Untamed Lowcountry

Want some fresh, locally-caught Lowcountry shrimp? Lucky for you, shrimp season 2019 is here

Tips for cooking delicious Lowcountry fried shrimp

We caught up with the Bluffton Oyster Company at the Bluffton Arts & Seafood Festival Streetfest on Saturday to find out their tips for cooking a simple, yet delicious, fried shrimp.
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We caught up with the Bluffton Oyster Company at the Bluffton Arts & Seafood Festival Streetfest on Saturday to find out their tips for cooking a simple, yet delicious, fried shrimp.

Attention all seafood lovers: Shrimp season is back in the Lowcountry.

Can’t you just hear Bubba from “Forrest Gump” listing all the yummy ways to serve up the coastal favorite?

“Shrimp is the fruit of the sea. You can barbecue it, boil it, broil it, bake it, saute it...” You know how it goes.

Commercial shrimp trawling opened Wednesday morning in designated waters in both South Carolina and Georgia, according to a news release from the S.C. Department of Natural Resources.

After a relatively poor shrimping year in 2018 due to the harsh winter, fishermen and shrimp-eaters alike are hoping for a better season in 2019.

“That won’t be hard to pull off,” said Mel Bell, director of the Office of Fisheries Management for SCDNR. “We’re being very optimistic this year to have a good start.”

That seems achievable with white shrimp numbers appearing to have returned to at least the ten-year average, according to the release.

What are the pros and cons of commercial shrimping versus aquafarming shrimp? Craig Reaves, a Beaufort based commercial shrimper for 20 years, Scott McNair, a shrimp farmer in Yemassee for more than 30 years, and Al Stokes, the manager at Waddell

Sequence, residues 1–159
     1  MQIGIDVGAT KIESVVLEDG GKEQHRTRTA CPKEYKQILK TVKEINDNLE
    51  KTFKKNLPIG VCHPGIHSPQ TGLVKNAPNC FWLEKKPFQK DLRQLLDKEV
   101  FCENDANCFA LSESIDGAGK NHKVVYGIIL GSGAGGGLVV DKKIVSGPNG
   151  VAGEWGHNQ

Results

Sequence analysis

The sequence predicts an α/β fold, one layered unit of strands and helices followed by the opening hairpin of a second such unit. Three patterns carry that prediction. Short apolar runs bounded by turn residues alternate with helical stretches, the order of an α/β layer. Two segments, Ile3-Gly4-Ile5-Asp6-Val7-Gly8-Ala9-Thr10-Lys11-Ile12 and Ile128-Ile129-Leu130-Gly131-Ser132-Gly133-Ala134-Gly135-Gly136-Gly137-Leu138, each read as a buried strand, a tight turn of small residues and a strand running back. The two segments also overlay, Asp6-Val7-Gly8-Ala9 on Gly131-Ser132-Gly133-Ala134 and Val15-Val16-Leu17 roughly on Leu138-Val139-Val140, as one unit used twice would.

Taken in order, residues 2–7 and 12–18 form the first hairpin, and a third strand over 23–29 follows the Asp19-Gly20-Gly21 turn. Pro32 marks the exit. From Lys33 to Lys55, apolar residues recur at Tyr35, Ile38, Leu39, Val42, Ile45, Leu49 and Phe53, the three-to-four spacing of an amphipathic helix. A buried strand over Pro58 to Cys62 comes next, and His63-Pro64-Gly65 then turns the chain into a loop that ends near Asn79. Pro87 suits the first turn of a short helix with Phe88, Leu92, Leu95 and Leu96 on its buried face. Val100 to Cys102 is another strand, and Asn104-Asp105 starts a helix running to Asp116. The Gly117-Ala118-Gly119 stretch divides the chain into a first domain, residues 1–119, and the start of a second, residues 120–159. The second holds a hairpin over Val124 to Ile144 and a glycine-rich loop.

Shrimp season opening in the Lowcountry is also good news for folks that enjoy eating local shrimp.

“It’s a better quality product and you’re supporting South Carolina industry, which we always support,” Bell said.

The open season means the availability of Lowcountry shrimp will increase, which may even cause the price to decrease as well.

He said you can ensure the shrimp you’re buying and eating is local by purchasing them “as close to the source as possible.”

“It’s good if you are able to connect the shrimp you’re buying to a local shrimper or shrimp houses,” he said. “Local caught shrimp is good and usually means better quality and larger sizes.”

Craig Reaves, owner of Sea Eagle Market in Beaufort, demonstrates how to de-head and clean locally caught shrimp.

Where can you go for local shrimp in Beaufort County?

Luckily, there are plenty of places in our area serving up and selling fresh shrimp and seafood. A few of them include:

Benny Hudson Seafood (Hilton Head)

Benny Hudson’s Seafood has been been in their current location for more than 30 years, with the Hudson family being a fixture of the Lowcountry seafood industry since Ransom Hudson came to the area in the 1800s.

Bluffton Oyster Company (Bluffton)

Bluffton Oyster Company, located in downtown Bluffton, has been serving the Lowcountry since 1899. They have their own fleet of fishing boats including two shrimp boats.

Highway 21 Seafood (Beaufort)

Highway 21 Seafood has been serving seafood for more than 13 years.

Hudson’s Seafood House on the Docks (Hilton Head)

Hudson’s Seafood on the Docks serves up fresh, locally sourced shrimp caught by their own private fishing fleet.

Sea Eagle Market (Beaufort)

Sea Eagle Market sells raw, freshly caught shrimp, while their restaurant serves them up any way you’d like.

These five dishes are Lowcountry delicacies that everyone should try at least once in their life.

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Lana Ferguson has covered crime, police, and other news for The Island Packet & Beaufort Gazette since June 2018. Before coming to the Lowcountry, she worked for publications in her home state of Virginia and graduated from the University of Mississippi, where she was editor of the college’s daily newspaper.

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